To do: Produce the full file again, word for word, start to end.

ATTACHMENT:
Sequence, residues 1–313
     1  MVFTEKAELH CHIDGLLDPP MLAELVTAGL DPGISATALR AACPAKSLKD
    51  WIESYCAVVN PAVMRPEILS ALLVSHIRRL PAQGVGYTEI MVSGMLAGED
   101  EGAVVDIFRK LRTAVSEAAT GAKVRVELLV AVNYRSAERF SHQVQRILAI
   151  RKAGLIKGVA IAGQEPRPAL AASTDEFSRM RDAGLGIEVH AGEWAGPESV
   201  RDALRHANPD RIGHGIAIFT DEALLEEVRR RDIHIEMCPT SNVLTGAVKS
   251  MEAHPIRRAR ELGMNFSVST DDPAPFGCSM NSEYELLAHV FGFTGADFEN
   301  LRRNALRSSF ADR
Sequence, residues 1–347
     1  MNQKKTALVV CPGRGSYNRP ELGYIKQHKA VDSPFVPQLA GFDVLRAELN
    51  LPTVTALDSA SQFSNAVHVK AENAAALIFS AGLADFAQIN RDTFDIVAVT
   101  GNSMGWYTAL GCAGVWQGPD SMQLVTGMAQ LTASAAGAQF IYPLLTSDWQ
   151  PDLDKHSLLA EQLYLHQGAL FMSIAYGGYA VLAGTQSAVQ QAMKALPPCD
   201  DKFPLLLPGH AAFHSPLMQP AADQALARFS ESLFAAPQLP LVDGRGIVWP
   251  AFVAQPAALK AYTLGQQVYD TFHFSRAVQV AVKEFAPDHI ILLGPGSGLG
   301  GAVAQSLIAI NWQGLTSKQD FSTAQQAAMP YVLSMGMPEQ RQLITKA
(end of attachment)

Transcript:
Sequence, residues 1–313
     1  MVFTEKAELH CHIDGLLDPP MLAELVTAGL DPGISATALR AACPAKSLKD
    51  WIESYCAVVN PAVMRPEILS ALLVSHIRRL PAQGVGYTEI MVSGMLAGED
   101  EGAVVDIFRK LRTAVSEAAT GAKVRVELLV AVNYRSAERF SHQVQRILAI
   151  RKAGLIKGVA IAGQEPRPAL AASTDEFSRM RDAGLGIEVH AGEWAGPESV
   201  RDALRHANPD RIGHGIAIFT DEALLEEVRR RDIHIEMCPT SNVLTGAVKS
   251  MEAHPIRRAR ELGMNFSVST DDPAPFGCSM NSEYELLAHV FGFTGADFEN
   301  LRRNALRSSF ADR
Sequence, residues 1–347
     1  MNQKKTALVV CPGRGSYNRP ELGYIKQHKA VDSPFVPQLA GFDVLRAELN
    51  LPTVTALDSA SQFSNAVHVK AENAAALIFS AGLADFAQIN RDTFDIVAVT
   101  GNSMGWYTAL GCAGVWQGPD SMQLVTGMAQ LTASAAGAQF IYPLLTSDWQ
   151  PDLDKHSLLA EQLYLHQGAL FMSIAYGGYA VLAGTQSAVQ QAMKALPPCD
   201  DKFPLLLPGH AAFHSPLMQP AADQALARFS ESLFAAPQLP LVDGRGIVWP
   251  AFVAQPAALK AYTLGQQVYD TFHFSRAVQV AVKEFAPDHI ILLGPGSGLG
   301  GAVAQSLIAI NWQGLTSKQD FSTAQQAAMP YVLSMGMPEQ RQLITKA